• People can also be manipulated by sublime information that is below the conscious awareness.
  • Why does the conscious self do that?

    • From natural selection’s point of view, an individual who knows what he’s doing and why (i.e. telling coherent stories) are more likely to gain trust.
      • [It also shows it’s hard, physiologically, to “be honest” with oneself.]
    • People are also tend to view themselves more capable and upstanding (p. 85).
      • People overestimate their driving skills; people take more credits for themselves in a team; people remember more positive experiences, and alter their memories over time; different cultures also plays a role as how they view themselves
  • So there are at least two illusions, one is about our selves, that we think we’re in control; the other is about ourselves, that we are “better” than others, we are more beneficial and effective than others.

  • The modular model of the mind, though still young and not fully fleshed out, holds a lot of promise.

    • The name is misleading, as the “modules” are usually intertwined and overlapped. They are not as clear-cut as what we mean by modules in general (p. 87).
  • The closest thing to a self would be the algorithm that determines which circumstances put which modules in charge. The algorithm is not “conscious self”, because we don’t consciously decide on the algorithm. The activation of modules is closely associated with feelings (p. 95).

    • One experiment shows that seeing pictures of women, men tend to discount the future (intertemporal utility function) more steeply than they did only moments earlier (p. 93) . They suddenly turn to “mate-acquisition mode”, in other ways becoming a different person.
      • [This is like what social media does to our brain, bring out the jealousy. Nassim Taleb talked about having “wax in the ear”, not to be exposed to it.]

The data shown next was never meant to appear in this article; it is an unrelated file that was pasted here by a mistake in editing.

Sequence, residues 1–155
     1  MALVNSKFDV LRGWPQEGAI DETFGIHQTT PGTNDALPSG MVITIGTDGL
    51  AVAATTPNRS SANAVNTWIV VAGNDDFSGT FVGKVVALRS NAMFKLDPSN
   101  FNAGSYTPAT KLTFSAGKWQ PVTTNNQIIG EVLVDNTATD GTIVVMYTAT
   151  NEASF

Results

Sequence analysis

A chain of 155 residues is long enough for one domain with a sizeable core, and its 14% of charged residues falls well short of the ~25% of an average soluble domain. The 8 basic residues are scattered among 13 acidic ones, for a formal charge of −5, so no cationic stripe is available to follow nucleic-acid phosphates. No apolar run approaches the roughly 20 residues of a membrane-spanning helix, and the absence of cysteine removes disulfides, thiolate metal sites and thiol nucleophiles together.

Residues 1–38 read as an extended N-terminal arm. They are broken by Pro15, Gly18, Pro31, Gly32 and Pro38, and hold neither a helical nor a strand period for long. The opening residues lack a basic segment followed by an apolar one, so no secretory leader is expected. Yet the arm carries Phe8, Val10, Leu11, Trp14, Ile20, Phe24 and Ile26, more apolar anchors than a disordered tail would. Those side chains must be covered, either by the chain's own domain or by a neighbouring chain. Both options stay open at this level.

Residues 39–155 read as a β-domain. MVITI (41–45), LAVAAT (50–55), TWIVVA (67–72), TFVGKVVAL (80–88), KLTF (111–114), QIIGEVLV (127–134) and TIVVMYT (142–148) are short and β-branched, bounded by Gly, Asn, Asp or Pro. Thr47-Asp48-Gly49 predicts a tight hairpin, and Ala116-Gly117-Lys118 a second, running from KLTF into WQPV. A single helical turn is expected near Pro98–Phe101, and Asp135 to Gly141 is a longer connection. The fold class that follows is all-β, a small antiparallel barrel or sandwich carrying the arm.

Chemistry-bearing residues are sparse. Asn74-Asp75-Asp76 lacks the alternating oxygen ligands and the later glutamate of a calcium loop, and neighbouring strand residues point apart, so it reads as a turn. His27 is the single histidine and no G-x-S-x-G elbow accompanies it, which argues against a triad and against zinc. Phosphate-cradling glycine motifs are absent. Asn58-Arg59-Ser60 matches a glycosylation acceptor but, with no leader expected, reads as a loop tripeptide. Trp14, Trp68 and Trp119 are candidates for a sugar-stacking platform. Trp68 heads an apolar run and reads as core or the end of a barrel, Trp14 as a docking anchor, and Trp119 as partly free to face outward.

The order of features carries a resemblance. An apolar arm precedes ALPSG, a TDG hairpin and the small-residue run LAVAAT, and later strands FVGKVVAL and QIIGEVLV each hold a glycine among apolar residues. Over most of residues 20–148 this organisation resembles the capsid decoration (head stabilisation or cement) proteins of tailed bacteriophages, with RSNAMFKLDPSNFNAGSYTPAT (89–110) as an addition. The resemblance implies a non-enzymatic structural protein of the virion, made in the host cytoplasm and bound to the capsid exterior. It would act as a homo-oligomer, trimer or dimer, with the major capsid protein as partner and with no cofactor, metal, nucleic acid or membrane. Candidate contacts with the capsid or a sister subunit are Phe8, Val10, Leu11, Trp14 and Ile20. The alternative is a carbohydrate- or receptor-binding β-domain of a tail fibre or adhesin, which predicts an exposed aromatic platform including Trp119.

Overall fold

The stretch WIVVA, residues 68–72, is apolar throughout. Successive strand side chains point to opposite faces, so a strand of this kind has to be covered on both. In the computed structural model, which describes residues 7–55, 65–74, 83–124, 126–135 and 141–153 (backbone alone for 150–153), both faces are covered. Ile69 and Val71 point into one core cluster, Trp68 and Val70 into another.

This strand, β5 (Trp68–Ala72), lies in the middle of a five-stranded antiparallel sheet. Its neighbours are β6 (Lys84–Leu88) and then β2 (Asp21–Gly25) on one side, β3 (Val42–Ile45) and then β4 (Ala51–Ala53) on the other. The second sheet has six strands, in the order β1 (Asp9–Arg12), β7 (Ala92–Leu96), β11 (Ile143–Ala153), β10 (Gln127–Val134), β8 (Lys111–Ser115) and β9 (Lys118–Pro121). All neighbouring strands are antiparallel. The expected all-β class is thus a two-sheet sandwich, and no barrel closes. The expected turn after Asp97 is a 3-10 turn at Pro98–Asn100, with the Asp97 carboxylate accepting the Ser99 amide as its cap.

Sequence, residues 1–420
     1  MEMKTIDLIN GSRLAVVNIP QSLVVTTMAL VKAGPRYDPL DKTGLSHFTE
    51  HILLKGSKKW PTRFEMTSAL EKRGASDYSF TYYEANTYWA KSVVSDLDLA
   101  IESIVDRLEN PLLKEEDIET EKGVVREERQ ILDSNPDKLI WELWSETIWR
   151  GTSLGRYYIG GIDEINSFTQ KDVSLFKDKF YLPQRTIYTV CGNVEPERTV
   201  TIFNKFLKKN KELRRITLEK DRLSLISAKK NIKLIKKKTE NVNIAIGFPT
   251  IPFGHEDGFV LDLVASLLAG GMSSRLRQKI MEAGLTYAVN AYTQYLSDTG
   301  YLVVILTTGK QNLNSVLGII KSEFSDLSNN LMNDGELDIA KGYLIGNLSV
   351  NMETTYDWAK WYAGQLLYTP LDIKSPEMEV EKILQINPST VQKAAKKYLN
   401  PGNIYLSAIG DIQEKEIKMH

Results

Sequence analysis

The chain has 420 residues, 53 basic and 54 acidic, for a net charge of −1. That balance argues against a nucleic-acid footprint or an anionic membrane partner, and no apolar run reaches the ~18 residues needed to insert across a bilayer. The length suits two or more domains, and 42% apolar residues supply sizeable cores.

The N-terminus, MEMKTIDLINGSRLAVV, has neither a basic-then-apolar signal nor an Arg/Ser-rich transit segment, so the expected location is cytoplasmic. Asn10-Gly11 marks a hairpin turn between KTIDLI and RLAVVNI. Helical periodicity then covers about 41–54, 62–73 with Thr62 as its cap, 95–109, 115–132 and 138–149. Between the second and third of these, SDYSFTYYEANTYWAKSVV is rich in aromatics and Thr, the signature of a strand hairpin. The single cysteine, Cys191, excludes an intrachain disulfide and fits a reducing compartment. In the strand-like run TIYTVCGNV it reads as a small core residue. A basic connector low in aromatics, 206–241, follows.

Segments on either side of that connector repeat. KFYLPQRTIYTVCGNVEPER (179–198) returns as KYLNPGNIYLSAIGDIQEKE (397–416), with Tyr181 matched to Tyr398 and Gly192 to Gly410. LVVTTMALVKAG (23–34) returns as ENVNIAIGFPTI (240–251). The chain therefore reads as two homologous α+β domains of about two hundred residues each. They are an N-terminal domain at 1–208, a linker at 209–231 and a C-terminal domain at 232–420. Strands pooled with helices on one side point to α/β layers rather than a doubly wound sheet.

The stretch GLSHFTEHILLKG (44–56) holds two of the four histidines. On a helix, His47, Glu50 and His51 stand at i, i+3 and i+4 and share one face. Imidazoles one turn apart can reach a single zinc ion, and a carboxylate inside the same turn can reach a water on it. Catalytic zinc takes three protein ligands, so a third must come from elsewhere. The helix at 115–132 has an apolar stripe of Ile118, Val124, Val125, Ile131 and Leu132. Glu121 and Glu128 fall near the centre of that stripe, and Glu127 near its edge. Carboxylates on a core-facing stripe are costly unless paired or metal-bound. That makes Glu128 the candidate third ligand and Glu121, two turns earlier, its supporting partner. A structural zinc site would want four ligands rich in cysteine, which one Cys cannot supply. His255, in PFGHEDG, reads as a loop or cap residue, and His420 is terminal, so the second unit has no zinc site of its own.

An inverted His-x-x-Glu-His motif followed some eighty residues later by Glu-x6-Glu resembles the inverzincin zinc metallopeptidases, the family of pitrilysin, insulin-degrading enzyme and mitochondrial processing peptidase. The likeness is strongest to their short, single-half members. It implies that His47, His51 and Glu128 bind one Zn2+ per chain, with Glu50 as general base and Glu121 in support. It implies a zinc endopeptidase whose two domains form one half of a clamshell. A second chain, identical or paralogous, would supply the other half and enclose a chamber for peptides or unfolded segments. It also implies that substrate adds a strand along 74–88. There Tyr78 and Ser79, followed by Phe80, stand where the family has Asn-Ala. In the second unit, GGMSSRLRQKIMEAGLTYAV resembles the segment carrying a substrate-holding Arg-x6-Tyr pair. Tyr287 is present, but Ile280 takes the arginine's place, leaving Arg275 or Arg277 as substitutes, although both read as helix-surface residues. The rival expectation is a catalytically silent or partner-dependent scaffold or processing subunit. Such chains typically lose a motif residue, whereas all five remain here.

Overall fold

• Cosmides and Tooby, early and influential advocates of a modular view of the mind, concluded that what emotions do — what emotions are for — is to activate and coordinate the modular functions that are, in Darwinian terms, appropriate for the moment (appropriate meaning, spreading the genes).
  • Buddhist thought and modern psychology converge on this point: in human life there is no one self, rather, there seem to be a series of selves that take turns running the show. If the way they seize control of the show is through feelings, one way to change the show is to change the role feelings play in everyday life, by losing attachments to them. “I’m not aware of a better way to do that than mindfulness meditation.”

Chapter 8: How Thoughts Think Themselves

  • There are three kinds of meditation: Zen meditation, Tibetan meditation, and Vipassana meditation.
    • Vipassana emphasizes on mindfulness, Tibetan often steers the mind toward visual imagery, and Zen involves ponding those cryptic lines known as koans.
    • There is a saying that: Zen is for poets, Tibetan is for artists, and Vipassana is for psychologists.
  • Themes about our thoughts when we’re meditating (in default mode): involve the past and future, not the present; involve self; involve other people; involve some kind of reward
    • They are also from different modules
  • What it’s like to watch the thoughts (p. 110)
    • “Imagine that every thought that’s arising in your mind is coming from the person next to you.”
    • “It’s not so much they have the intent to reach out and capture us, but rather there’s this very strong habitual identification.”
    • “When we have that basis of wisdom about the nature of things, then we have more power to choose which thoughts are healthy, and let go those that are not so healthy.” [I think this meant in everyday life, not during meditation. We should try to let go of every thoughts during practice.]
  • One theory the author acknowledges is that, it is the feeling that propels thoughts, and the stronger the feelings are, the stronger they can hold our attention (This is not scientifically proven though).